by Adam Rothstein
Spokespeople from three Portland coalitions gathered together in front of a decrepit, bank-owned property today, April 26, to announce that they would be organizing a community-based takeover of property on May 1, as a first action in a series of efforts to liberate property for the use of those who reside in the immediate area. Activists from the Portland Central American Solidarity Council (PCASC), Jobs with Justice (JwJ), and the Portland Liberation Organizing Council (PLOC) each spoke in turn about their motivations and plans for the day of action that promises many actions across the globe.
The activists stressed that the people who live on the land ought to be the ones who decide what happens there–not banks, development corporations, or the city. This action, and all following actions, would be about “community control of community resources.” They said that this was not a new idea–their efforts are part of a tradition that includes the Back to the Land movement, and similar efforts in Greece, Spain, New York, Chicago, Oakland, and many other cities in all countries. They said they want to “reclaim what is rightfully ours”, and in order to do so, they invite “all workers to unite under one banner.” The time for waiting for the government to fix things is passed. Isabel Charle, spokesperson for PLOC, said “this system isn’t broken–it’s working exactly how it’s supposed to.”
The bank-owned building behind the speakers at 33 N Fargo Street, with its boarded-up windows, neglected rose bushes and broken railing, served as a poignant example of how well the system currently functions. Someone put years of love into this house and garden before it was taken from them. This is “probably” not the building that PLOC is planning to liberate, smiled the activists. They left open the possibility of returning a foreclosed family to their home, taking a larger building for use as a community center, or utilizing vacant land as a garden space. With these potential direct actions, the activists will take matters into their own hands.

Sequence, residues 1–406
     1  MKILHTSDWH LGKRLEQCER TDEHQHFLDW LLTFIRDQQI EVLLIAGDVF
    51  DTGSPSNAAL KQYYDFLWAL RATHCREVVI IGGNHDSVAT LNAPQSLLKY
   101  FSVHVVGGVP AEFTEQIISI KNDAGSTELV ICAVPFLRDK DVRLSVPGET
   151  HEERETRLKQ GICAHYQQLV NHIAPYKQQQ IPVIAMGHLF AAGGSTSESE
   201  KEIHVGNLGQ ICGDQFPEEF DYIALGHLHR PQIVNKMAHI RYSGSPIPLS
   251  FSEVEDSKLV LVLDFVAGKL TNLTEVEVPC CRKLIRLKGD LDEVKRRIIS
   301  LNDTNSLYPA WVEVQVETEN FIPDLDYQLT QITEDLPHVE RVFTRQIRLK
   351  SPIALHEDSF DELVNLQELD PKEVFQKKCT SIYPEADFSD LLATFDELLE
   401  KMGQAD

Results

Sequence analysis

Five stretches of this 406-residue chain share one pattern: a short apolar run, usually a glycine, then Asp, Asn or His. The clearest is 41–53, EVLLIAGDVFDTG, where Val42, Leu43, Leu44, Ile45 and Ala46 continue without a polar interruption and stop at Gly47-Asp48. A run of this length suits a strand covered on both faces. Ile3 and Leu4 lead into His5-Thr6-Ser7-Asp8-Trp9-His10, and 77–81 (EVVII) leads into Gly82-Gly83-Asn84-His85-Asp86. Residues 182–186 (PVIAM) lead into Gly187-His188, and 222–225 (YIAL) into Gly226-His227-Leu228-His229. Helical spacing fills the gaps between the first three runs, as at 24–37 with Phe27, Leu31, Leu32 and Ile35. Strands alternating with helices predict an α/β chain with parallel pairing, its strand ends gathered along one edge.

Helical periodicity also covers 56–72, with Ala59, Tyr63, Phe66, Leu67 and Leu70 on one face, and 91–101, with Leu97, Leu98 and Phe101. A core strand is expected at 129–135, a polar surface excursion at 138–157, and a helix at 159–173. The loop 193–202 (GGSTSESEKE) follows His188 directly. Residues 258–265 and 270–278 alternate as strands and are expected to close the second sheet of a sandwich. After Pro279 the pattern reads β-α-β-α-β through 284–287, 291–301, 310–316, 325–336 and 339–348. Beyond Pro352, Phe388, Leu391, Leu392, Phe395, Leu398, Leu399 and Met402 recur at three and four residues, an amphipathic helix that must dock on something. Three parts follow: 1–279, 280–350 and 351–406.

JwJ spokesperson Marco Mejia also mentioned the permitted march and rally beginning in the South Park Blocks at SW Salmon Street on May Day. He said that march has adopted the St. Paul Principles of respect for diversity of plans and tactics, so even though that march is permitted and the PLOC plans are not, both actions will stand in solidarity. The theme of the day is that “we won’t be divided,” said Mejia.
As to the potential of conflict with the city authorities over the actions, the group said:
We call on Sam Adams to cooperate with and support our plans. Sam Adams last November offered this support to the Occupy movement: “It is my sincere hope that the movement, with its focus on widespread economic inequity, will flourish in its next phase — a phase where we can focus all of our energies on economic and social justice, not on port-a-potties and tents,” Adams said [LA Times, November 10, 2011]. That phase is here, Sam, we call on you to support the movement by restraining your police force.
The PLOC action will begin with an announcement and rally at Woodlawn Park, at 9 AM on May 1. After the rally, activists will march to the property, which will remain undisclosed until that time.